John Middleton was born in 1578 in Hale, a village near Liverpool in the UK. The child of a farmer, he transcended his humble origins and achieved fame when he grew to a height recorded as 9ft 3ins. 'The Childe of Hale', as he became known, was employed by the Lord of the Manor of Hale and even met King James I. He died in 1623.
The inscription on John Middleton's gravestone indicates he was born in 15781. He lived in a thatched cottage with his parents who were farmers.
Legend has it that one day John went to the beach near Hale Head Lighthouse on the River Mersey and drew the outline of a giant man in the sand. He lay in the outline and wished to become the same size as the outline, then he fell asleep. When he woke up, he was the giant he had hoped to be.
In fact, historians suspect that actually John had acromegaly caused by a hormone imbalance (a description of him indicated that he had a deep voice and greasy skin as well as large hands, feet, nose and lips, plus wide-spaced teeth, which would support this theory). He had reached his full height by the age of 20.
Another legend about him said that he was so tall, he could only lie down to sleep if he put his feet out through the two windows on the gable end of the cottage. This is also an unlikely story, as his true height was almost certainly less than the claim made on his gravestone, but it is an amusing explanation for why the cottage is unusual in having two small windows that look out on the road.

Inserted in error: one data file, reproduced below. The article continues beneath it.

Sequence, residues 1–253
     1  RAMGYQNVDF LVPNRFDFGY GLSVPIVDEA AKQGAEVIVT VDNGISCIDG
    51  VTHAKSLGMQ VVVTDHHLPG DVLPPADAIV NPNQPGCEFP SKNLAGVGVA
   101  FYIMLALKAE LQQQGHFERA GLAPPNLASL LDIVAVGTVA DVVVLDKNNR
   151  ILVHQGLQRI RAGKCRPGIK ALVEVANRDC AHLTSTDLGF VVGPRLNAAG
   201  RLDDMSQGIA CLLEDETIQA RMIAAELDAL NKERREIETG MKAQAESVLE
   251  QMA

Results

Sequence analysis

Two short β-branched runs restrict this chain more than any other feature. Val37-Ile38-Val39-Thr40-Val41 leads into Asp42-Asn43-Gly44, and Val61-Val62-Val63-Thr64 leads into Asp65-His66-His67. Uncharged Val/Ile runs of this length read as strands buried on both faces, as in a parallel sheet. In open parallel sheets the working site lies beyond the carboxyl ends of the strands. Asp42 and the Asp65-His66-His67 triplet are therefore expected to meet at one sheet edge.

John's impressive stature brought him to the attention of Gilbert Ireland, the Lord of the Manor of Hale. Gilbert engaged John as a bodyguard and entertainer and introduced the Childe of Hale to the upper echelons of society. Gilbert became Sheriff of Lancashire and in 1617 he was knighted. King James I visited Liverpool to bestow the honour, and invited Gilbert and John to visit him in London.
The people of Hale were pleased that one of their number had been invited to Court and they wanted John to make a good impression so they made him fine clothes in purple, red and gold2. In London, John wrestled with the King's Champion. He dislocated the Champion's thumb and was given 20 sovereigns for his efforts.
After that, John and Gilbert visited Oxford and went to Brasenose College, which was where Gilbert had matriculated in 1578. As a sizeable number of students from Lancashire were studying there, they were pleased to meet John Middleton. His hand was traced, and his portrait was painted. The Brasenose Rowing Club even adopted a livery in the same colours as John's Court clothes.
On the journey back to Hale, John was somehow relieved of the 20 sovereigns3, so he returned home with nothing and spent the rest of his life working on farms. He died on 23 August, 1623, and the Church Register records his name as John Middleton, Childe of Hale. He was buried in the grounds of St Mary's Church.
The Childe of Hale was not forgotten, though. Samuel Pepys, the famous diarist, went to see the outline of John's hand in the cellar at Brasenose on 9 June, 1668.
Brasenose College still holds one of the life-sized portraits of John Middleton as well as two small portraits of him and two replics of his handprints. Another life-sized portrait hangs in Speke Hall, not far from Hale.
The village of Hale still celebrates their famous resident, and his cottage features on the village sign. The cottage is a Grade II Listed Building that has been turned into a quaint yet modern holiday home. John's portrait features on the Childe of Hale pub sign.
A tree trunk carving, known as the Hale History Tree, was installed in Hale in 1996 depicting local landmarks including the Childe of Hale. The tree trunk rotted badly over the years, though, so it was removed in 2011. A bronze statue of John Middleton in all his 9ft 3ins glory was unveiled in 2013.
Thus, even though his fame in life was fleeting, the name of John Middleton the Childe of Hale lives on today.